- The Washington Times - Monday, March 31, 2008

Last night was more than Opening Night for the Washington Nationals’ fourth season. It was the start of a new era in the local sporting scene. After three years of residence in timeworn, shabby RFK Stadium, the Nationals officially opened their shiny new home to a full house and rave reviews.

Not only that, the game lived up to the surroundings as Ryan Zimmerman hit a dramatic, solo home run with two out in the bottom of the ninth to give the Nationals a 3-2 victory over the Atlanta Braves. It was the first run since the first inning for the Nationals, who had lost a 2-1 lead in the top of the ninth.

Before the game, flashbulbs popped, giant American flags unfurled, F-16 jets performed a flyover and President Bush threw out the first pitch to a mixed reception of cheers and boos as brand new Nationals Park came alive on a chilly evening, just 22 months after construction began.

Wearing a red Nationals jacket, Mr. Bush took the mound as he did before the first home game at RFK Stadium in 2005. But the surroundings were far more posh this time as he tossed the ball — it would have been high and out of the strike zone — to Washington manager Manny Acta before escaping to the friendlier confines of the ESPN broadcast booth.

TWT Video:President Bush tosses first pitch

Then the Nationals took the field — lush, green turf with their script W mowed into the outfield grass. The real first pitch, a strike from Nationals left-hander Odalis Perez to Kelly Johnson, came at 8:21 p.m.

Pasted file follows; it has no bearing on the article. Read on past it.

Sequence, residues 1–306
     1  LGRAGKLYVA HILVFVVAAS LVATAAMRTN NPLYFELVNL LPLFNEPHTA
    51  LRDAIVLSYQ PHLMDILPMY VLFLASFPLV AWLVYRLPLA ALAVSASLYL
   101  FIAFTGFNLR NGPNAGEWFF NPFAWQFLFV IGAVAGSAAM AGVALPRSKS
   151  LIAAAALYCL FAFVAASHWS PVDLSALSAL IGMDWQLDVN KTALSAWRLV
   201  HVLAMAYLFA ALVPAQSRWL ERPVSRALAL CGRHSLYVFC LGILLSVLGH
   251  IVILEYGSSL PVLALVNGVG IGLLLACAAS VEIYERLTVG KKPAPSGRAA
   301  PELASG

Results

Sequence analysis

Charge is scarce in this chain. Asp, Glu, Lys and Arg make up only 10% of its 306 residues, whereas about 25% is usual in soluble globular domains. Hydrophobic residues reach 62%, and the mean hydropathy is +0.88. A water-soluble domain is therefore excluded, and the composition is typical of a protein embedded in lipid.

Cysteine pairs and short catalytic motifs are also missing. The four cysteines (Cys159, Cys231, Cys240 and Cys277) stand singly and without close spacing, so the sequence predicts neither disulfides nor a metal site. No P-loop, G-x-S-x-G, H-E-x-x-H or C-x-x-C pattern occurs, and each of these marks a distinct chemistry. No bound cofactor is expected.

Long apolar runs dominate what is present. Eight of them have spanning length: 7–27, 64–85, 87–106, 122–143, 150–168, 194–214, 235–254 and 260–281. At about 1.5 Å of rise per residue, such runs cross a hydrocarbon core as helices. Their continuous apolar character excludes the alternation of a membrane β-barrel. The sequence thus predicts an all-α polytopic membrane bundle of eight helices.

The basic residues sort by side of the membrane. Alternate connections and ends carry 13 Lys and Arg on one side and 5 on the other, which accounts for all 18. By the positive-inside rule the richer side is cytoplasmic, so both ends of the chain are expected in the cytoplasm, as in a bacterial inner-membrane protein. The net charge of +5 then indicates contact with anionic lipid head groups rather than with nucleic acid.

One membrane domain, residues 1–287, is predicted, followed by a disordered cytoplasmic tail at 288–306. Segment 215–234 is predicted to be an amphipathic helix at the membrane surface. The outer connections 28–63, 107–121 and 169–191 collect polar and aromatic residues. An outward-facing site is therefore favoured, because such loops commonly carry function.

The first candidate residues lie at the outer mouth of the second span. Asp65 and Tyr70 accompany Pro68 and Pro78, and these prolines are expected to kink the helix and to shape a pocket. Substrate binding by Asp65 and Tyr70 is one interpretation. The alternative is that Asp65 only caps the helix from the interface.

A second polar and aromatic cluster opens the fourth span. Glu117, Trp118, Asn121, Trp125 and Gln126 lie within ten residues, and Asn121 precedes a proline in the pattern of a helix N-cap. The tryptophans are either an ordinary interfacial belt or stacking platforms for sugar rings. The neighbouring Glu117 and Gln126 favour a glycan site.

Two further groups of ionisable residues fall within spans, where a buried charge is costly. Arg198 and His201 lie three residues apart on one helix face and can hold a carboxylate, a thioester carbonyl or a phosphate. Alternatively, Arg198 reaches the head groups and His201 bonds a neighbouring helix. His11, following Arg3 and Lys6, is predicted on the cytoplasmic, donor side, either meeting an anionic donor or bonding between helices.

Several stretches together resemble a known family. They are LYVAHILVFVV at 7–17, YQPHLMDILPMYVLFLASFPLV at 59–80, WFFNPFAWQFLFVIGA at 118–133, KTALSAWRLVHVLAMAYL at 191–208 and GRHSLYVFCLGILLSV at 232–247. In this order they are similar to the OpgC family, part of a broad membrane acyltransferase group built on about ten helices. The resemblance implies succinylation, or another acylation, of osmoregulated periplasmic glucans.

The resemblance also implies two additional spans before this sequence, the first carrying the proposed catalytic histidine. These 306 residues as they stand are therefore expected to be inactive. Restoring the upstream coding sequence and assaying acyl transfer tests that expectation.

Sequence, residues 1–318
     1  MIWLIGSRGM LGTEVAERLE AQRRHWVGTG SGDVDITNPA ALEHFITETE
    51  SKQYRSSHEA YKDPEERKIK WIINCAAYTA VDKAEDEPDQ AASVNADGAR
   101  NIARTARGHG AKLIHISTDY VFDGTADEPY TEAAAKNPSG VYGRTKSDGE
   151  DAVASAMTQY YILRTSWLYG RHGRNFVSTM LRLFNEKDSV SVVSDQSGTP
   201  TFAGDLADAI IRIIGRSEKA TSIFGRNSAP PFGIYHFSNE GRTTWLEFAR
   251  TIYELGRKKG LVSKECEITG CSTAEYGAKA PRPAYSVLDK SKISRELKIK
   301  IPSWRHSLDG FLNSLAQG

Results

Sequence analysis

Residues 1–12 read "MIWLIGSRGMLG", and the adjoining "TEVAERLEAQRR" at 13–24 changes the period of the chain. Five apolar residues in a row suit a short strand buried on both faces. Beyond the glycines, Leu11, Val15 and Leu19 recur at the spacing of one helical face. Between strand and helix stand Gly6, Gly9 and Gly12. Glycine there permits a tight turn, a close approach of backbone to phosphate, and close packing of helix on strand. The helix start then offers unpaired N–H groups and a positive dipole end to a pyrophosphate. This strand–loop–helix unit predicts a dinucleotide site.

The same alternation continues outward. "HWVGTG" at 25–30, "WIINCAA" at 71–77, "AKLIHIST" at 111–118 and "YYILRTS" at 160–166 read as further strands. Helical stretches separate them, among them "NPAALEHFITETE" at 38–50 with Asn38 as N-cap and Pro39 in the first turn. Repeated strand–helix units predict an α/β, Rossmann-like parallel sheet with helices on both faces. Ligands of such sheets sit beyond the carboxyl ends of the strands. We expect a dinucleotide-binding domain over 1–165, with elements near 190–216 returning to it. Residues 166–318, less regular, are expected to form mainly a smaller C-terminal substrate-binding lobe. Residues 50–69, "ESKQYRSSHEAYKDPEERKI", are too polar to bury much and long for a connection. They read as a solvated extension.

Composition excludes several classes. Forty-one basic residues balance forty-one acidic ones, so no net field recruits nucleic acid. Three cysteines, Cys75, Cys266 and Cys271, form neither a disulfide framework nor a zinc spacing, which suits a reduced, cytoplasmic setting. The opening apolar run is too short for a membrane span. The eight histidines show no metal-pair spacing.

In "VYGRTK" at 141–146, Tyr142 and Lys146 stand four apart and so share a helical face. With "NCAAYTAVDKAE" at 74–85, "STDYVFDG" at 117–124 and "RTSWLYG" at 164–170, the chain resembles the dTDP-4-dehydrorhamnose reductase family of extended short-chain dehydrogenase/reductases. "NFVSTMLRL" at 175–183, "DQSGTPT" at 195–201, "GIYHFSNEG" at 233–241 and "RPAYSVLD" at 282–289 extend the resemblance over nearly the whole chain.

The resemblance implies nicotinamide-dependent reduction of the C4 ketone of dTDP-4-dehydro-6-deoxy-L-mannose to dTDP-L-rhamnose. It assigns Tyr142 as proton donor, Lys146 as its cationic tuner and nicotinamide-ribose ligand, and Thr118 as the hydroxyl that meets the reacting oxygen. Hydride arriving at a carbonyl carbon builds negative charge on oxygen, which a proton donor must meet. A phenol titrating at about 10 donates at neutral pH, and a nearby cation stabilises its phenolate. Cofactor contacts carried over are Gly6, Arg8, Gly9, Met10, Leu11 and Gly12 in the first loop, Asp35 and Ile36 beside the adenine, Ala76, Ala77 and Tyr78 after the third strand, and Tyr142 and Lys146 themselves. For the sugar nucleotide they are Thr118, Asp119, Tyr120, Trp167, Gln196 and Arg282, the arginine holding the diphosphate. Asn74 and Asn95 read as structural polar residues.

It was, of course, an evening of firsts.

TWT Video:Sights and sounds of Opening Night

Perez retired Johnson for the first strikeout.

The next hitter, Yunel Escobar, walked, becoming the became the first base runner at Nationals Park.

The first hit came in the bottom of the first inning from Nationals shortstop and leadoff hitter Cristian Guzman, a line-drive single to right off Braves starter Tim Hudson.

And Nick Johnson, the first baseman who missed all of last season while recovering from a broken femur he suffered in September 2006, drove in the first run, a double that scored Guzman. Johnson then scored on Austin Kearns’ single, giving the Nationals a 2-0 lead.

Veteran Braves third baseman Chipper Jones hit the first home run. It came off Perez with no one on base in the fourth.

The game was played before a national cable-TV audience and a crowd likely larger than the listed stadium capacity of 41,888. Both the Braves and the Nationals have their share of talented players, but the new ballpark, built along the Anacostia River in Southeast at a cost of well in excess of $600 million (almost all of it publicly funded), clearly was the star attraction, at least until Zimmerman poked one over the fence in left-center field to win the game.

“I tell you, I don’t have any words to describe it,” Nationals principal owner Mark Lerner said, standing on the field before the game with the massive scoreboard and giant high-definition screen in right-center field providing the backdrop. “I really don’t. It’s amazing.”

The gates opened at 3:30 p.m., nearly five hours before Perez’s first pitch. Impressions seemed immediately and strongly positive. One fan talking on his cell phone was heard to say “awesome” several times.